I am both privileged and saddened to share that I was the one who bought one of the last books sold at London’s famous Al Saqi bookstore. The store closed permanently last summer. Fortunately, we’re told that their printing house will remain and most of their work will be done online.
The book I bought was an introduction to Arabic poetry by the Arab poet Adonis. In this slim but fascinating book, translated from the Arabic by Catherine Cobham, Adonis traces the origins of Arabic poetry to pre-Islamic (Jahiliyyah) oral practice, tracing the influence of the Holy Qur’an. , poetry and thought, and the advent of modernity in Arabic literature.
Tactfully addressing the challenges of oscillating between an age-old culture while dealing with the socio-political and economic problems of the day, Adonis concludes: “Modernity must be a creative vision, or else it cannot be just a fad. Fashion is old from birth, but creativity is ageless. So not all modernity is innovation, but innovation is always modern. Adonis has developed a standard that can be applied to all aspects of work in any language.
The Urdu language was born and raised in the Indo-Gangetic Plain and the Deccan Plateau. It is a descendant of Sanskrit and Prakrit, but it has grafted varieties from Arabic, Persian and Turkish. The main prosody of Ilm al-Aroz is Arabic and Persian. Later, it acquired many expressions and analytical categories from the West through its interaction with England.
Like parts of the Arab world, we have experienced Western colonization and domination. So we share the same challenge of an ongoing negotiation between our poetry and what we learn from the West. Like Arabic, we have seen such fads and fads in Urdu fiction and poetry in the 20th century, in the name of ‘creative experimentation’ in both form and content.
Writers and movements appeared with a shout, then either disappeared in whispers or soon lost touch. Readers began to lose interest, for example when, by the Symbolists, Ibham-Latif [subtle ambiguity] It was replaced by humorously ambiguous fiction and poetry.
Ironically, as readers, we are told that the meaning of a story or poem is left entirely to our own interpretation. To some extent, that’s true of any piece of art, but it’s also left to the readers to enjoy the absolute absurdity. In the same way that the literary classics were born out of the cognitive revolution under the influence of cognitive literary criticism, the classics pushed back and regained their stature not only on the literary horizon but also on the intellectual horizon.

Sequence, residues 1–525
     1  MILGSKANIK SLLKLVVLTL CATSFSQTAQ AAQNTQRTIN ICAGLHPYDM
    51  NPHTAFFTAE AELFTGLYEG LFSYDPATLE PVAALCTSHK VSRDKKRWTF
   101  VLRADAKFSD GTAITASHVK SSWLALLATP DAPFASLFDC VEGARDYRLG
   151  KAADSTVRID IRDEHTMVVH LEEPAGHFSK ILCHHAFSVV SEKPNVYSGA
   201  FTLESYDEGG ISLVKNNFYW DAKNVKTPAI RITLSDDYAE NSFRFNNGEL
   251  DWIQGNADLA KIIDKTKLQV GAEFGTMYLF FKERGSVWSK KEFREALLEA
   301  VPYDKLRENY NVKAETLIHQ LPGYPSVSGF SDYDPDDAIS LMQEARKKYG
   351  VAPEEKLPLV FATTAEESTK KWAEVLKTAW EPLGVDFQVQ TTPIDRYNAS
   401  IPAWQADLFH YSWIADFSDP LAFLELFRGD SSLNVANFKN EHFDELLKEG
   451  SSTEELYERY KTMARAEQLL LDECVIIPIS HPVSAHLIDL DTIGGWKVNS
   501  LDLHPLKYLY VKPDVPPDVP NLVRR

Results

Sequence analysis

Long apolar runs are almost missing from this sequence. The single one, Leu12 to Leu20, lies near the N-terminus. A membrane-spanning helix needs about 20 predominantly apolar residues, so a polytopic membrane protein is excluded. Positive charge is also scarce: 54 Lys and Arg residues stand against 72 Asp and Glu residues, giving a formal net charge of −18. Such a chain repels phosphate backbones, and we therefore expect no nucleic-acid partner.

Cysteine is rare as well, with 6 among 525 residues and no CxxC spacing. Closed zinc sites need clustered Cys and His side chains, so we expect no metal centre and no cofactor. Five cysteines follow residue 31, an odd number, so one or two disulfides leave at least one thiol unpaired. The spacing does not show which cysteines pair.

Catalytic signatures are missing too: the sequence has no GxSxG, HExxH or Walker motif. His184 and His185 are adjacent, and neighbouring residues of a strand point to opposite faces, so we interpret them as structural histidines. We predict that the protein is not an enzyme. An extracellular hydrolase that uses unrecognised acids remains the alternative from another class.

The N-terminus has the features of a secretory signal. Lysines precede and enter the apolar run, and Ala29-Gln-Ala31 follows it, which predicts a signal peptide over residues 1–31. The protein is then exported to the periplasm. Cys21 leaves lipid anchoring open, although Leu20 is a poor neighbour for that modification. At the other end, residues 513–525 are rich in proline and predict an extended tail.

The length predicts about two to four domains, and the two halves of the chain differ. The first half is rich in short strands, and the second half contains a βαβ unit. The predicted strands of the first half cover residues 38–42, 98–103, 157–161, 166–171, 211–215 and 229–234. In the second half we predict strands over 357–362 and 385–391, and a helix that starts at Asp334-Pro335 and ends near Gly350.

Muhammad Izharul Haq Latest Urdu Poetry Collection, Aey Aasman Neechay Utar [O Sky, Come Join the Earth] It meets Adonis’ criteria for poetry. In fact, modernity comes as a creative vision, not as a fad. Urdu’s multicultural and inclusive poetic tradition paints an old canvas fluently, taking tradition as the canvas and mixing new colors with the brush and knife to create his art.
A beautiful love poem – or series of ghazals, as the form here is subject to the voices of the two lovers – is titled ‘Dilshad Nama’. First, the poet Dilshad, a woman, speaks in six gozas and conveys her deep sense of separation and loss. Then the man answered with seven ghazals.
From Shah Abdul Latif Bhitai to Waris Shah to Mirza Hadi Ruswa, masters who were men but could write effortlessly in a woman’s voice, the six ghazals written by Dilshad show a unique female poetic talent. All the 13 ghazals together reminded me in several parts of Fahmida Riaz’s classic poem, ‘Admi Ki Zindagi’. [Life of a Man]Life is a woman’s and a man’s companion.
For example, Dilshad says: “Mein roz-e-azal se janti tu/tu ayega soratetin badel kar.” [I knew from the day of beginning/ That you will appear in different forms and shapes]or, “Ankhon Pe Hain Jasai Paon Terai/ Kis Vehm Wana Parh Gai Terai Bin.” [I feel your feet on my eyes/ What illusions have engulfed me].
The man said to Dalshad, “Pat-jharh ne bagh ko ghaira ta/tli ka aakhri faira ta.” [The autumn had surrounded the garden/ The butterfly clapped her wings one last time]he also says: “Pehrai per pul banafshai ka/wo manzer terai darechai ka.” [Sweet violets stand guard/ Colour the scene of your window].
Apart from ‘Dilshad Nama’, there are 52 ghazals, 12 nazms and a few single couplets in Haq’s latest volume. The images are bright, delicate and restrained. Many motifs are derived from nature, but with this play of freshness, words gain new meaning.
When the poet reflects on politics and social values, he feels frustration and loss. But whether it is politics or devotional poetry, it all comes from expanding the boundaries of the ghazal. Haq nazms have a unique taste of modern style. I somehow find them more personal in nature than his ghazals. A touching poem given by his son when he went abroad for education is about the love of a parent and the experience of fatherhood.
Haq was born in 1948 to a family of literary and Islamic scholars in District Attock (formerly Campbellpur), Punjab, and retired from the Pakistan Civil Service. He has previously published five volumes of poetry – including the first four volumes of a collected work – and three books of prose. He also writes columns for national dailies.
It was his anxiety over the present state of the country and the uncivilized state of women that brought certain themes together in his poetry and prose.
The columnist is a poet and essayist. He recently edited Pakistan Here and Now: Perceptions of Society, Culture, Identity and Diaspora.
His latest collection of verse is Hairaan Sar-i-Bazaar.
Posted by Dawn, Books & Authors, June 18, 2023